Paul said his consistent voting against a debt ceiling hike is something that that two of his rivals -- House Speaker Newt Gingrich and former Pennsylvania Sen. Rick Santorum – did not achieve during their years in Congress.
Paul’s campaign notes that Gingrich, as a member of the House, voted to raise the debt ceiling in 1981, 1983, 1984, 1985, 1987, twice in 1989 and twice in 1990.
Santorum, as a member of the Senate, voted to raise the debt ceiling in 1997, 2002, 2003, 2004 and 2006.
(Romney never had a chance to vote on the national debt ceiling, but the Paul campaign criticized him for the health care plan he signed into law as Massachusetts governor in 2006.)
The Republican-controlled House voted 239-176 Wednesday to block President Barack Obama’s request to increase the debt limit by $1.2 trillion. The vote was symbolic, since it’s clear that the Senate will not go along.
Under debt deal struck last year, the debt ceiling automatically is raised 15 days after the president officially notifies Congress the government is close to its limit, unless Congress votes to stop the increase.
Though some criticize Washington for too much partisanship, in a floor speech Wednesday Paul said Congress is guilty of too much cooperation:
Paul said Congress routinely over-spends: “It would be nice if we could just blame everything on the current administration or even the previous administration,” Paul said. “But the crisis that we are in has been building for a long period of time and it’s very bipartisan.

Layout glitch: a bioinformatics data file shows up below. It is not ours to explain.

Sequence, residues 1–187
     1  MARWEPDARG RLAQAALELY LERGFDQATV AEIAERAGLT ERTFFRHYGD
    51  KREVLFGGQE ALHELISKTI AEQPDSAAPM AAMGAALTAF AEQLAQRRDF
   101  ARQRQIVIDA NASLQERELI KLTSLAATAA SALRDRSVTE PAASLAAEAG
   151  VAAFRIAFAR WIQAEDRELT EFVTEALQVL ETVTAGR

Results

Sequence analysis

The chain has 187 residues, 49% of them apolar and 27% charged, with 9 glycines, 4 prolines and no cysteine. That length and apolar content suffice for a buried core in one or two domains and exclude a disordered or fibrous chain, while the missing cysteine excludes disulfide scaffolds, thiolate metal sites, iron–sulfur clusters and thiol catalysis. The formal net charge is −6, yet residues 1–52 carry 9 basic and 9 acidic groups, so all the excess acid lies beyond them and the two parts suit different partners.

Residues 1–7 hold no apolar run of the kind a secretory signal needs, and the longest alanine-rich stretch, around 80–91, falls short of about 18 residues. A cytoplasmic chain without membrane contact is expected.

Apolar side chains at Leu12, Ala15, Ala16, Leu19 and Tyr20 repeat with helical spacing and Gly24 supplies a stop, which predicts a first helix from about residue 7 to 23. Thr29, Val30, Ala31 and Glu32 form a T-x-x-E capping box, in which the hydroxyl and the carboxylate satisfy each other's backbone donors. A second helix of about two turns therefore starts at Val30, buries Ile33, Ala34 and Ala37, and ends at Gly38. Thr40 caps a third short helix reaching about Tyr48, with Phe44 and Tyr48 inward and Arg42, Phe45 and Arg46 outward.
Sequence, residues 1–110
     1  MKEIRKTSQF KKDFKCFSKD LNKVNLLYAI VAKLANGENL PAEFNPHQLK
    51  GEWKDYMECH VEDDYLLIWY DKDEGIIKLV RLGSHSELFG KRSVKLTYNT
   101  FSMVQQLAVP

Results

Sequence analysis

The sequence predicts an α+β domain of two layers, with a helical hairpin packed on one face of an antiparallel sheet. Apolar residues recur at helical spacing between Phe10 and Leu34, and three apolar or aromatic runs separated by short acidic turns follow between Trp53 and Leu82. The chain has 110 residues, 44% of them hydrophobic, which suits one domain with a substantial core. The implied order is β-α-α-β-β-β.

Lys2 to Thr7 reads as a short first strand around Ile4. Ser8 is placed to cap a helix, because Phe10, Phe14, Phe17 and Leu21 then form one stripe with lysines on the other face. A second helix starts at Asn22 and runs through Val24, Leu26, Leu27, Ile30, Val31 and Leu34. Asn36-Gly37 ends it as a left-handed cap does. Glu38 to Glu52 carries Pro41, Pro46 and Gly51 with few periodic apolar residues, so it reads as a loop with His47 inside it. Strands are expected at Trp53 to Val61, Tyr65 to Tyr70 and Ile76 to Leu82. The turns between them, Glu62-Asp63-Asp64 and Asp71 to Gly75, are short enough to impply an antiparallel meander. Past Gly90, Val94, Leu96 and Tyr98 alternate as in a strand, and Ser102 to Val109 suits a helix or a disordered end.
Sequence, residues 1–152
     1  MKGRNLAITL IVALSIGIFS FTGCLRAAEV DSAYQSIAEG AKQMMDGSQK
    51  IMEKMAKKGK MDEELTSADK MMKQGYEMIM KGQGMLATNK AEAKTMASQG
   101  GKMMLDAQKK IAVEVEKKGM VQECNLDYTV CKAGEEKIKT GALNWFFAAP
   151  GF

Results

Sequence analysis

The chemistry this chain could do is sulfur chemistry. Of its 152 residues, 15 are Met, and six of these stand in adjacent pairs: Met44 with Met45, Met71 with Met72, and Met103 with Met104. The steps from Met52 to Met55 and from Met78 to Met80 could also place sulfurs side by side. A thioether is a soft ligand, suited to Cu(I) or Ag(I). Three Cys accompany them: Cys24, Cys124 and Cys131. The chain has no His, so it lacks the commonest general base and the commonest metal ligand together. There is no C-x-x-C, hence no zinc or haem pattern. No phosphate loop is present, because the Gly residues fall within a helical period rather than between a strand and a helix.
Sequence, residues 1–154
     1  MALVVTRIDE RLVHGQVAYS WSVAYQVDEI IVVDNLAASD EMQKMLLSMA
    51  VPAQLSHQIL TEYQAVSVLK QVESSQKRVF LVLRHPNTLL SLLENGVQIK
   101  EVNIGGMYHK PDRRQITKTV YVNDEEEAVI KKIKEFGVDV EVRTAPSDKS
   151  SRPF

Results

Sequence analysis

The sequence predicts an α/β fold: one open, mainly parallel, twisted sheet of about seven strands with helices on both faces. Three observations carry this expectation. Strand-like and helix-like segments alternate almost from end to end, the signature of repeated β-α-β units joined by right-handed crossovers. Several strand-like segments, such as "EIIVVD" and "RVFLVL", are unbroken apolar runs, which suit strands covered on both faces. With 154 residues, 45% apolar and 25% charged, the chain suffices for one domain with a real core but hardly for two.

“There’s been way too much cooperation in this Congress. Those who like spending cooperate and keep spending. For a long time we were able to get away with this because we were a very wealthy country. Now we’re non-productive, the good jobs are overseas and yet the spending is escalating exponentially.”
He added, “You can’t solve the problem of debt by accumulating more debt.”
Paul is taking the lead among his competitors in fighting for the interests of present and future taxpayers, Paul’s national campaign chairman Jesse Benton said in a statement.
“Voters want to know exactly where Ron Paul’s rivals stand on the issue, not only of directly increasing the debt through voting. They want to know if their records illustrate longstanding contributions to an atmosphere that encourages borrowing in the first place. One need only look to the records of Dr. Paul’s competitors Newt Gingrich, Rick Santorum, and Mitt Romney for an answer to this question,” Benton said.